Sauerkraut was ‘a thing’ when my mama was young, and she disliked it. Though she remembers it jarred with ham chunks. So fairly understandable… 

It is a fermented food, fermented foods help reinstate the gut flora after antibiotic & chemo treatments (it’s banned during chemo).

What to serve with Sauerkraut?

I have it quite regularly in fish tacos, and with my fathers Scandinavian dishes – mainly meatballs. But it’s good in a diverse salad where you can dip in and out of it. Keep it as a side.

If you don’t have the taste for this, similar benefits are in ‘live’, fermenting, Apple Cider Vinegar, which is just a bottle you to swig before a meal.

Why is Sauerkraut so good for you?

With the emphasis on health now being so geared towards maintaining a healthy microbiome, it is no wonder we are all being encouraged to eat fermented foods.

Sauerkraut is the number one in fermented foods but you do not gain the same levels of beneficial bacteria in shop bought products, so making it is the answer. Once you get into the habit of making it, it becomes very easy.

Fermented foods help reinstate the gut flora after antibiotic and chemo treatments. Sauerkraut is also especially healthy as it uses cabbage and cabbage is the no. 1 in healing foods, so it’s not just the fermenting process which will be so beneficial for the gut.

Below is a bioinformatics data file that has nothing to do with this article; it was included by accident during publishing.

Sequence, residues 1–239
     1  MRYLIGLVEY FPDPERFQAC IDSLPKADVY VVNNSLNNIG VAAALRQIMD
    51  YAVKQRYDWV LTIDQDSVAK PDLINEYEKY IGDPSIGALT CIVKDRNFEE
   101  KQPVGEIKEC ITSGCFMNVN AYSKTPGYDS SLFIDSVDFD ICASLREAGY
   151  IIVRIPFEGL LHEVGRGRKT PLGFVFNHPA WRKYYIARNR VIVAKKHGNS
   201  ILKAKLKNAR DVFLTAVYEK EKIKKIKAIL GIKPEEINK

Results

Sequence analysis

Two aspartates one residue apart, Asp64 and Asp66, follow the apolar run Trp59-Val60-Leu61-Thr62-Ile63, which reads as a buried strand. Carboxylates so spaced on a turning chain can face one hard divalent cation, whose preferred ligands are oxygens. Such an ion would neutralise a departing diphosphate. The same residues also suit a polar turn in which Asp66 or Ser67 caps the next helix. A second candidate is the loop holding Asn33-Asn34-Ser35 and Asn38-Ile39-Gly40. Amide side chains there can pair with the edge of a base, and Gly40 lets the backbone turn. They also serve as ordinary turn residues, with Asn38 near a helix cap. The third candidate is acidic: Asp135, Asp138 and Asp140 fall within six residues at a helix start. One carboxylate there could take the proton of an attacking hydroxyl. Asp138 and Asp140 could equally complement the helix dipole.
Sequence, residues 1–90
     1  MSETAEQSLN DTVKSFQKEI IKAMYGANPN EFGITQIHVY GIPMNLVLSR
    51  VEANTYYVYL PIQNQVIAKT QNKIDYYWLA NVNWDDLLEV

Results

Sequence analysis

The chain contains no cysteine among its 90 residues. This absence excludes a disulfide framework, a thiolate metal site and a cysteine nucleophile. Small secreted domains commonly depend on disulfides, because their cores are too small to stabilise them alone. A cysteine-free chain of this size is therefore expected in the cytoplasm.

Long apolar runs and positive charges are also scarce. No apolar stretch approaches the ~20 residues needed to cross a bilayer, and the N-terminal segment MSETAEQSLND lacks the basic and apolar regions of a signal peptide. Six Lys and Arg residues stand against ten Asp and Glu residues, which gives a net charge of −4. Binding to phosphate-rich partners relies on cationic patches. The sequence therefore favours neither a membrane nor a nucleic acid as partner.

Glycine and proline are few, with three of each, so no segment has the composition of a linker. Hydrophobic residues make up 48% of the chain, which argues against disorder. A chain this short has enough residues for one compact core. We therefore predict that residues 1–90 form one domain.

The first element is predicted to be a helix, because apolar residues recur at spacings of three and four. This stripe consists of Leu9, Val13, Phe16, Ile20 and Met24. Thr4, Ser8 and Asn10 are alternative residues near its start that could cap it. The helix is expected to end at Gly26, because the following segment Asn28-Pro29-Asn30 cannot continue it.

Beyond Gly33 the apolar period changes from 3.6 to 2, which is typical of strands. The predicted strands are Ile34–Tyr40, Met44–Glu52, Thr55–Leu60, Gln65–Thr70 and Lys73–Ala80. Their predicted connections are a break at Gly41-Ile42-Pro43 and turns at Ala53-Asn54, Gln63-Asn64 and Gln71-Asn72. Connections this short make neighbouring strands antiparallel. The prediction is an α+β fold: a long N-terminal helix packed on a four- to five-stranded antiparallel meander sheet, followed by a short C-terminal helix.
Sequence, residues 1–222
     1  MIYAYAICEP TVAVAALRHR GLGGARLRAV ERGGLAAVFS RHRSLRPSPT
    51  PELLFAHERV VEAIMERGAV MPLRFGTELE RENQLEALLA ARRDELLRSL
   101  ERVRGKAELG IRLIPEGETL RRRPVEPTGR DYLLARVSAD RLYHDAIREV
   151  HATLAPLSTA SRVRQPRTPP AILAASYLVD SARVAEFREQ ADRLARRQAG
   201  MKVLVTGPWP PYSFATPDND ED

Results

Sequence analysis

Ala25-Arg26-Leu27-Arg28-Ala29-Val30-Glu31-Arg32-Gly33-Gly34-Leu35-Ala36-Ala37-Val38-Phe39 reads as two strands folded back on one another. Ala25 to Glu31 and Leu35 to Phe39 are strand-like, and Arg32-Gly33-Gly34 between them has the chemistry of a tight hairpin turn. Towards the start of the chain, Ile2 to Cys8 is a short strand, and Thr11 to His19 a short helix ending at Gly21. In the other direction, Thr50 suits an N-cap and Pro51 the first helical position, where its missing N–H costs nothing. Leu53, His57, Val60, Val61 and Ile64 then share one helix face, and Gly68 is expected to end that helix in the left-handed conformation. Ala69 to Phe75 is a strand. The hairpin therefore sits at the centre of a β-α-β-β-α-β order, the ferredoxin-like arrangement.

The addition of carrots and ginger give this sauerkraut an added nutritional boost, with ginger being one of the top anticancer foods. Caraway seeds can aid digestion.

You may also be interested in our diary post on Kombucha and All Things Fermented



Serves:  40

Time to create: 7 days

Time for personal effort: 15 mins

Notes: GF, DF, V, V, P, NF


600g Shredded cabbage

4 Carrots

5cm Grated ginger

½ tsp Caraway seeds

2 tbsp Salt flakes

1 tsp Black pepper


2 jam jars (350-500ml)



  1. Sterilise your jars. The simplest way is to run them through a hot wash in your dishwasher or place them in the oven for 15 mins at 120c. Allow jars to cool.
  2. Trim the cabbage and peel away the outer leaves.
  3. Cut the cabbage into quarters, and very finely slice into a large bowl, the most easily, and best done on a mandolin.
  4. Peel and grate the carrots into a bowl.
  5. Peel the ginger and finely grate it into the bowl. Mix everything together.
  6. Add the salt, and massage by hand thoroughly into the vegetables, continue to do this 5-10mins, the cabbage will please moisture and soften; this is the salt working it’s magic.
  7. Add the caraway seeds and grind in the black pepper, and again massage it one more time.
  8. Fill two jars y hand, squashing down the cabbage mixture, and excluding the water. Then add just enough liquid from the mixing bowl to exclude air & seals with a lid.
  9. Store in a dark place in your kitchen for 7-10 days, checking frequently, after a few days you should see bubbles raising up to the surface, this is the start of your fermentation.
  10. The longer you ferment it for the more the flavour improves.

Per Serving

% Daily Value *
Total Fat0 g ( 0 % )
– Saturated Fat0 g ( 0 % )
– Monounsaturated Fat0 g
– Polyunsaturated Fat0 g
– Trans Fat0 g
– Cholesterol0 mg ( 0 % )
Sodium355 mg ( 15 % )
Potassium46 mg ( 1 % )
Total Carbohydrate2 g ( 1 % )
– Dietary Fiber1 g ( 2 % )
– Sugars1 g
Protein0 g ( 1% )
Vitamin A29 %
Vitamin C14 %
Calcium10 %
Iron1 %

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